to be built ("Faster than ever!" proponents would say) yet bike
commuting actually dropped in recent years. See
https://www.usatoday.com/story/news/...ms/2319972002/
which points out that the national bike mode share has dropped, and in
certain cities, dropped precipitously despite the building of new
facilities. The League of American Bicyclists' rah-rah publication
https://bikeleague.org/sites/default..._2017_KM_0.pdf
(with no mention of the national drop, and with numbers massaged to be
as perky as possible) mentions Pittsburgh's 45.2% _drop_ from 2016 to
2017, a time when I know firsthand that the city has been furiously
installing bike accommodation of all kinds. Similarly, Portland keeps
adding new gizmos, but sees no parallel increase. (Just a 1% increase
from 2011 to 2017, and a 0.1% increase from 2016 to 2017.)

In other words: The "dose response" is absent. Bike lanes, included
"protected" ones, are more common each year, but bike commuting is not
increasing in parallel. That shoots down facility count as a driver for
bike mode share. And U.S. bike mode share remains less than 1% overall,
meaning we're talking about low counts and rare events that are subject
to outsized random variation.

Ferenchak and Marshall seem to have settled on a career path of
massaging numbers any way possible to promote bike segregation. I'm sure
they're welcomed and coached by others with that same objective. But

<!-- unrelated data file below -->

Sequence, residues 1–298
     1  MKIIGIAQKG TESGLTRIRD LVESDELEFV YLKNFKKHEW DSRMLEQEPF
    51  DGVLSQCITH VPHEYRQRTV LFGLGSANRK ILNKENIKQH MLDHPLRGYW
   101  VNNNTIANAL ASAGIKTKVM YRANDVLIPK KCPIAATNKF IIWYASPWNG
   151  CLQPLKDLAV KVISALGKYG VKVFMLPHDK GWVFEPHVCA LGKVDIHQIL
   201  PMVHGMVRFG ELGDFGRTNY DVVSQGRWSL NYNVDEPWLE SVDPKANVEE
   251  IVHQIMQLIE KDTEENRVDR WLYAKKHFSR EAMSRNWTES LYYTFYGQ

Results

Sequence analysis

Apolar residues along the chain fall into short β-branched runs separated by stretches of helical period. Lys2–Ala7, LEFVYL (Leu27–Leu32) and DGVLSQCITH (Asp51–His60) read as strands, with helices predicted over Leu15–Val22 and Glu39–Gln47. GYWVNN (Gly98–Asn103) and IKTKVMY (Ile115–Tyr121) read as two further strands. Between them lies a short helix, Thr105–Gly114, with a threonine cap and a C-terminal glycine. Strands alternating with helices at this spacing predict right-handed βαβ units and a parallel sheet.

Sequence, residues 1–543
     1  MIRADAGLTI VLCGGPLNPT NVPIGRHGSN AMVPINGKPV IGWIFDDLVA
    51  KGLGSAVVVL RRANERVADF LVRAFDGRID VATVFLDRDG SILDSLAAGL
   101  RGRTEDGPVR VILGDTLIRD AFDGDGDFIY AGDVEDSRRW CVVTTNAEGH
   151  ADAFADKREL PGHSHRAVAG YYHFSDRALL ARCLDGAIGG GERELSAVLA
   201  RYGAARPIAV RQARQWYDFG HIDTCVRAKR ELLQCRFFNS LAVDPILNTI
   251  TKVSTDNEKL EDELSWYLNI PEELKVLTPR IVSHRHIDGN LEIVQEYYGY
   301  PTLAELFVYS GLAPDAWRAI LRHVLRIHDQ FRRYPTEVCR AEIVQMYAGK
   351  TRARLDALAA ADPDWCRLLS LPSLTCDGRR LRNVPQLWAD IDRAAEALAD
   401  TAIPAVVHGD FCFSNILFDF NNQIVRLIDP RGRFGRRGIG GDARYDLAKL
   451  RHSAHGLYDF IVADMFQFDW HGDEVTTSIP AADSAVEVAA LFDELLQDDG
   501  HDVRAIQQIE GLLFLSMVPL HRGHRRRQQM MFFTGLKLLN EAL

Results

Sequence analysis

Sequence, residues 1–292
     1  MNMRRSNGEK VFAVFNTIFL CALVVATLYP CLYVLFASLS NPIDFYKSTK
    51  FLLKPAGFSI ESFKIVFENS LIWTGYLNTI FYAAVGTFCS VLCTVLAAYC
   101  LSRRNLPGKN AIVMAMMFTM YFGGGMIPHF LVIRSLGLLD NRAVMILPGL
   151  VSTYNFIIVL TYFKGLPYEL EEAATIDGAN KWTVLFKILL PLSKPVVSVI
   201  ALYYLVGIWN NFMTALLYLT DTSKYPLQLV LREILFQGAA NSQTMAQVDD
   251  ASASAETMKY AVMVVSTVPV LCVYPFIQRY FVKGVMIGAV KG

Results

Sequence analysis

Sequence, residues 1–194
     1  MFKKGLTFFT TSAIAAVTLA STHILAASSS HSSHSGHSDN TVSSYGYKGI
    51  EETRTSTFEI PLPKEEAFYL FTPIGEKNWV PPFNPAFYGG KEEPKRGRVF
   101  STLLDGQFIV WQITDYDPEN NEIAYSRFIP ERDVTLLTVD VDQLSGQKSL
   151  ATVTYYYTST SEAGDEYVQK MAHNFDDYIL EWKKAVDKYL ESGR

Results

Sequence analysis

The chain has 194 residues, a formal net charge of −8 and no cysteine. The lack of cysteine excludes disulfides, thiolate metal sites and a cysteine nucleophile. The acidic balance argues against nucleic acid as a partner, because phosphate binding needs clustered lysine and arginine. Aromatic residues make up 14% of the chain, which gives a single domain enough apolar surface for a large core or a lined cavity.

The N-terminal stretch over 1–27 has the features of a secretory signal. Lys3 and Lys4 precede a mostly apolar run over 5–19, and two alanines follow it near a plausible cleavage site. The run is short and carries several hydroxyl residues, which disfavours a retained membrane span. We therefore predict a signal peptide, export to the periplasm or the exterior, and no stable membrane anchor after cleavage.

they're not doing actual cyclists any good.


--
- Frank Krygowski
  #3  
Old May 31st 19, 12:00 AM posted to rec.bicycles.tech
John B. Slocomb
external usenet poster
 
Posts: 347
Default More from the UK: "Bike lanes save lives of drivers as well as cyclists, study finds"

On Thu, 30 May 2019 08:48:22 -0700, sms
wrote:

Well actually it's from the U.S., reported in the UK.
https://www.independent.co.uk/news/uk/home-news/bike-lane-cycling-road-safety-driver-deaths-fatalities-a8934841.html

"With added bike lanes, fatal crash rates dropped in Seattle (by 61 per
cent), San Francisco (by 49 per cent), Denver (by 40 per cent) and
Chicago (by 38 per cent)."

Cue the "Danger Danger" people to dispute the study. Maybe it wasn't the
bike lanes at all, maybe it was more people wearing helmets--wait that
couldn't be. Maybe it was more disc brakes. Maybe it was risk
compensation. Did gardening injuries go up or down?


https://www.sciencedirect.com/scienc...488?via%3Dihub

The full title of that study seems to be " Why cities with high
bicycling rates are safer for all road users. Wesley E. Marshall,
Nicholas N. Ferenchak. Journal of Transport & Health, 2019.
and an abstract of the study states:

Despite bicycling being considered ten times more dangerous than
driving, the evidence suggests that high-bicycling-mode-share cities
are not only safer for bicyclists but for all road users. We look to
understand what makes these cities safer. Are the safety differences
related to "safety-in-numbers" of bicyclists, or can they be better
explained by built environment differences or the people that inhabit
them?

Results
The results suggest that more bicyclists is not the reason these
cities are safer for all road users. Better safety outcomes are